Below, you can see a successful example from a popular eCommerce retailer.

Source: Flashy

If you’d like to send mobile-friendly emails like the one above, you should consider the look and the placement of textual and visual elements.

For textual elements, it’s best to come up with short subject lines and use a large font size for body text, as seen in the previous example. You can do these bits of optimization using almost any emailing platform.

However, visual elements require more attention.

Let’s say you wanted to show three images side by side. 

What looks good on the desktop version won’t necessarily look as neat on smaller screens, and that’s why you need an emailing tool that supports responsive design. That way, you will be able to organize images in a more mobile-friendly format, like here.

Source: Flashy

As the last step of the mobile optimization process, don’t forget to use the preview function before sending your emails to ensure that the email looks good across different devices your customers use.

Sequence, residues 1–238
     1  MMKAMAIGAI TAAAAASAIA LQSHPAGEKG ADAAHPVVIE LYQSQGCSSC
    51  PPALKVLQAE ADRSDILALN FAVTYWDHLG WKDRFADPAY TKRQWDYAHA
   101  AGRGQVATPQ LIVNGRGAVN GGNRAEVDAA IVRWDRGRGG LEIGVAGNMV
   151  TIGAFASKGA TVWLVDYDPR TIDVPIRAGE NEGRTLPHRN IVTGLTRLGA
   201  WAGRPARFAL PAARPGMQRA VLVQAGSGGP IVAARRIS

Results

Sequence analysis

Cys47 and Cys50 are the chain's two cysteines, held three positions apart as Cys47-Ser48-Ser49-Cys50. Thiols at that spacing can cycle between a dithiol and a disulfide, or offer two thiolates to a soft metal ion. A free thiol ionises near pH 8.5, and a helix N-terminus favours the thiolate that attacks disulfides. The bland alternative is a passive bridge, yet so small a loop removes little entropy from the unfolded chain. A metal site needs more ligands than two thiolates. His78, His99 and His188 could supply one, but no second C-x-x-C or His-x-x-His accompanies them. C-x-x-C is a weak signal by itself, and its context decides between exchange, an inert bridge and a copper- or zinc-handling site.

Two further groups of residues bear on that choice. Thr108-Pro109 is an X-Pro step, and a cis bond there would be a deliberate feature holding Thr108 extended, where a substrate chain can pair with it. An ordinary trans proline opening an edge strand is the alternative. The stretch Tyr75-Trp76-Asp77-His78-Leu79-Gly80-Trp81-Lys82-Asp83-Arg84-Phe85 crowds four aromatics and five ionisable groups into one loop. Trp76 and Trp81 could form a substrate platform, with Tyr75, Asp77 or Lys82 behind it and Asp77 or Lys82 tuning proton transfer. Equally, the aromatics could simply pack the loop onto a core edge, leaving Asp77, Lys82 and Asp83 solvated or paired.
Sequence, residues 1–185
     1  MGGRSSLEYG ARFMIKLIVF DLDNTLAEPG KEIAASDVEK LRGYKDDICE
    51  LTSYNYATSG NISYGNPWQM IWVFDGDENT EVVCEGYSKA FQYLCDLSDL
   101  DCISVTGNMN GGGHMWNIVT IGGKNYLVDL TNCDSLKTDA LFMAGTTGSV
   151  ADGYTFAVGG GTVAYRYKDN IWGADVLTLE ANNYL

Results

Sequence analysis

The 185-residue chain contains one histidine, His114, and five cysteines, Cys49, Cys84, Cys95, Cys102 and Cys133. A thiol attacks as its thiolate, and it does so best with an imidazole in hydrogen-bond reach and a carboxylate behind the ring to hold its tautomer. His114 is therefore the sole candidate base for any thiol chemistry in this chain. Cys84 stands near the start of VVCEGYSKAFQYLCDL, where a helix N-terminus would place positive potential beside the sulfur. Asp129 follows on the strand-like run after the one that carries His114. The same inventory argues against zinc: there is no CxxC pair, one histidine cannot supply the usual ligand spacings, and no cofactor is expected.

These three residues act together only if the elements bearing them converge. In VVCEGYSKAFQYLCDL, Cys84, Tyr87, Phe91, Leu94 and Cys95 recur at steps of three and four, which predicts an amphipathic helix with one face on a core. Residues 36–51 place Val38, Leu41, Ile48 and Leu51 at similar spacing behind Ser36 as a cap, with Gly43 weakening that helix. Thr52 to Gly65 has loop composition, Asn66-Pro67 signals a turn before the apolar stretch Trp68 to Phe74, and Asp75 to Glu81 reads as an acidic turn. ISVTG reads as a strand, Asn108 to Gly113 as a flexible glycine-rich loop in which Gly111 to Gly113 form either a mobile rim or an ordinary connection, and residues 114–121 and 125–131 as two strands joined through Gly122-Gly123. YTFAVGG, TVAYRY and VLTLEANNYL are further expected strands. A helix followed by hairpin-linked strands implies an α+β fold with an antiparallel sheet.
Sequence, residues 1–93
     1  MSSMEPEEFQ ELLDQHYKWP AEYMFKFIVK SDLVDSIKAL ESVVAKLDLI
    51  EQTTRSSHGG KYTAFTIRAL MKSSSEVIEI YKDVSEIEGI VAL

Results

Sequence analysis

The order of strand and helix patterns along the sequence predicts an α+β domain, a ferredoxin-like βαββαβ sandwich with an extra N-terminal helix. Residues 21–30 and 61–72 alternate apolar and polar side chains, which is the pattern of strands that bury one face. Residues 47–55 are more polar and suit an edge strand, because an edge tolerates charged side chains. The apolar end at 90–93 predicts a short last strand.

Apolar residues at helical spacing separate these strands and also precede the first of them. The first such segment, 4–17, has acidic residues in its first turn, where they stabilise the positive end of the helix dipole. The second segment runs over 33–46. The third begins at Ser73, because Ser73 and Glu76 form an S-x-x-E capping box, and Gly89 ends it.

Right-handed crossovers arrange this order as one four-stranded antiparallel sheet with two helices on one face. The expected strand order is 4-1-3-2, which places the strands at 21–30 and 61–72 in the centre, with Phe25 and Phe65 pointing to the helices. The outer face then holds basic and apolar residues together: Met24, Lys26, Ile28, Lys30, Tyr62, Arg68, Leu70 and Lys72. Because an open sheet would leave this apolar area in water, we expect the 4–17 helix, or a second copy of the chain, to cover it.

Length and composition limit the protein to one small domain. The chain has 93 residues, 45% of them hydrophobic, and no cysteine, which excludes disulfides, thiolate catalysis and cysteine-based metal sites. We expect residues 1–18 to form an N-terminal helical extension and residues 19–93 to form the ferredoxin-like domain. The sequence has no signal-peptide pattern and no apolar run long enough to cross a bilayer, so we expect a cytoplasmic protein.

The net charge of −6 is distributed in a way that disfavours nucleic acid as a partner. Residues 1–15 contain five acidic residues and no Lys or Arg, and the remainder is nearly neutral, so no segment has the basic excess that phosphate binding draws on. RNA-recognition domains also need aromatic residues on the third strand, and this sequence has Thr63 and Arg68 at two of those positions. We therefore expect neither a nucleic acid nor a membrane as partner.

Once you’ve optimized your emails for mobile devices, your customers will have a better reading experience and easier access to your eCommerce website, both of which can lead to more purchases.

Not Segmenting Your Email List

We touched upon segmentation in the first section, but this mistake is made so often that it deserves a section on its own. 

Sure, blanket emails may be easier to write, but they won’t bring you as many conversions as personalized ones. Unfortunately, many eCommerce businesses still make the mistake of sending identical emails to all their customers. You can avoid this mistake by segmenting your email list

According to Neil Patel, a highly influential online marketer, mass-produced emails can make people unsubscribe from your emails, costing you sales opportunities. He puts this somewhat harshly:

“Personalized, relevant stuff gets opened. Irrelevant, mass-produced stuff winds up in the virtual trash can.”